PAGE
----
The news has been full lately with hyperbole regarding the Conficker series of worms. If you believed some pundits, the Internet should have ground to a halt today as millions of infected computers picked up their new instructions for the coming armageddon. What really happened was… not much of anything. But that doesn’t mean the risk is gone…
Like most worms and viruses, the Conficker series of worms relies upon a combination of exploitable software flaws and user error. Also like most worms, the target of all variants of Conficker is Windows. This is primarily for several reasons: firstly, Windows is the most widely used operating system by a huge margin. When you are dealing in small percentages, it makes sense to pick the platform where “small percentages” still means tens of millions of machines. Second, users of Windows include the highest percentage of “naive” or downright ignorant users and malware depends of poor computing habits to propagate. Finally, early versions of Windows were full of atrocious security flaws and design shortcomings.
To avoid Conficker, all you have to do is keep your computer patched up (In Windows XP turn on automatic updates and have them installed weekly) and run an up to date (I.E.: virus signatures no more than a month old) anti-virus program. That’s it, and you will be basically safe from the worm itself, assuming your machine doesn’t already have it. The problem is, just as with driving, no matter how safe you are, your safety can be compromised by all the other ignorant (and in some cases downright stupid) users you share the “road” with. If 99% of the Windows users out there follow those two “simple” good practices I’ve mentioned above, that still leaves as many as 10 million PCs that can be infected by malware like the Conficker worm.
And therein lies the problem: first, a lot fewer than 99% of all Windows users follow good practices. A distressingly high percentage of users actually go out of their way to sabotage all of the automatic update, security, and anti-malware features of the OS. Estimates suggest that as much as 30% of all Windows users still haven’t applied the patch that was released in October of 2008 that would block Conficker’s main infection vector (
So what is the big deal if your machine is not infected? Most worms today are designed to turn the infected machines into a controlled “army” or botnet for some sort of purpose. Even a few hundred thousand computers, if centrally coordinated and directed to a specific task, can wreak havoc on the functionality of major parts of the Internet. A few million could temporarily shut down the core of the Internet for hours, even significantly disrupt “normal” operations for days if the worm is capable of being dynamically reconfigured as Conficker is. Conficker is particularly tricksy: its latest variants not only kill running anti-virus software on infected machines, they also reconfigure the host to make it more difficult to download patches and anti-virus software updates. So once you have it, getting rid of it can be beyond the capabilities of the “normal” user.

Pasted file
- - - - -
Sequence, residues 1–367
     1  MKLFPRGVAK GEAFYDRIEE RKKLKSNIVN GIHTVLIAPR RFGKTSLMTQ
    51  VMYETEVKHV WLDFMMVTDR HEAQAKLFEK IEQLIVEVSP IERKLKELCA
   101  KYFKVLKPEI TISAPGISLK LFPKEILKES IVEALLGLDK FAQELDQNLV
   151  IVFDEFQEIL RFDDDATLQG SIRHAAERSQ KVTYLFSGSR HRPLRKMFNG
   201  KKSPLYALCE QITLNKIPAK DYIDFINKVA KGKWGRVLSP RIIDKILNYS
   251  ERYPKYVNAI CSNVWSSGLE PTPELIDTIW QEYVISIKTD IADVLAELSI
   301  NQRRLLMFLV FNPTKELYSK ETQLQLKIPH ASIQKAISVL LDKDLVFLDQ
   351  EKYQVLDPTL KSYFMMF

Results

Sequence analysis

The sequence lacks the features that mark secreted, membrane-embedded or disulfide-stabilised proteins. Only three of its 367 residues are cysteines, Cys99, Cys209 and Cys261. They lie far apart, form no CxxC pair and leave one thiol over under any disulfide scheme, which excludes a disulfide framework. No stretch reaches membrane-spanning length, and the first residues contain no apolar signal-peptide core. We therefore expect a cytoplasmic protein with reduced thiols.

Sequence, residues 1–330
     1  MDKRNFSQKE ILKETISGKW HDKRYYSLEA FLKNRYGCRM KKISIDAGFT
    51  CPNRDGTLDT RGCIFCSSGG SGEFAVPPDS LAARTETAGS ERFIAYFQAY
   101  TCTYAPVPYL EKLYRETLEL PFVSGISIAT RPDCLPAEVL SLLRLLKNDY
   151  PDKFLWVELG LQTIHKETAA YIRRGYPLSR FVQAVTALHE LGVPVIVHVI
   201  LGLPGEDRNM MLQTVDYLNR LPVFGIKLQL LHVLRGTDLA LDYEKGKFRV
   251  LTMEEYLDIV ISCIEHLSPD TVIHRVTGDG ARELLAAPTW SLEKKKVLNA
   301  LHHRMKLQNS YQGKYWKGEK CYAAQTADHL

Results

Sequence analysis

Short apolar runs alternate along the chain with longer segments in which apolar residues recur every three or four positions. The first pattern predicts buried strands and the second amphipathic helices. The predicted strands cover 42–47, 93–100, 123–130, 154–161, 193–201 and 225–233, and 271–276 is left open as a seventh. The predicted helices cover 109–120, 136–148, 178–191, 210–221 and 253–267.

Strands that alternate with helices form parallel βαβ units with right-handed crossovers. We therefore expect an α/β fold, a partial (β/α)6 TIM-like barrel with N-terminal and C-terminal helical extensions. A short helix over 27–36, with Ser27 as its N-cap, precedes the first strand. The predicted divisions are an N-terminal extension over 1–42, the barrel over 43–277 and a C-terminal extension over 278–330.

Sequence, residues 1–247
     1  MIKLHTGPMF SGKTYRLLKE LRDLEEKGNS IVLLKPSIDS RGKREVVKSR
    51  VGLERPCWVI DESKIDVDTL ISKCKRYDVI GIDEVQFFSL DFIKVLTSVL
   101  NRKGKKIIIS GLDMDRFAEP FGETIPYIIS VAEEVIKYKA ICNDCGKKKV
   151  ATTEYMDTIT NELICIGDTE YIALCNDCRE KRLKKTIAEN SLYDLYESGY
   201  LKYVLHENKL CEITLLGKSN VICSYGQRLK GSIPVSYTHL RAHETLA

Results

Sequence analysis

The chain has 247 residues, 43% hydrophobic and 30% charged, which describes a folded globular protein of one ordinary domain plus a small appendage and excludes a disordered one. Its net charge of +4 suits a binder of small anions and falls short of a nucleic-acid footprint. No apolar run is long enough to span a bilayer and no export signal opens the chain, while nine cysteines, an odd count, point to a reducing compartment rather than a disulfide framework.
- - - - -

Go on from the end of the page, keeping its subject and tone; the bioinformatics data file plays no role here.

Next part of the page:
The risk of your particular computer being infected is the smaller part of the problem, and is something that basic computer health practices can reduce to virtually nil. The real problem is all the millions of *other* users out there who don’t know enough or simply don’t care. Conficker is still out there on several million machines, quietly waiting for instructions to do… something. No one knows exactly what. Even once it is activated, I’m pretty confident that the world won’t come to an end, business will still continue to be conducted on the Internet, websites will still be reachable (although some might not be). And willfully ignorant or naive users will continue to think that patching their machines once a year is “good enough”, and up to date anti-virus software is “too expensive”. The hidden cost of the disruptions, however, will be in the tens of millions of dollars.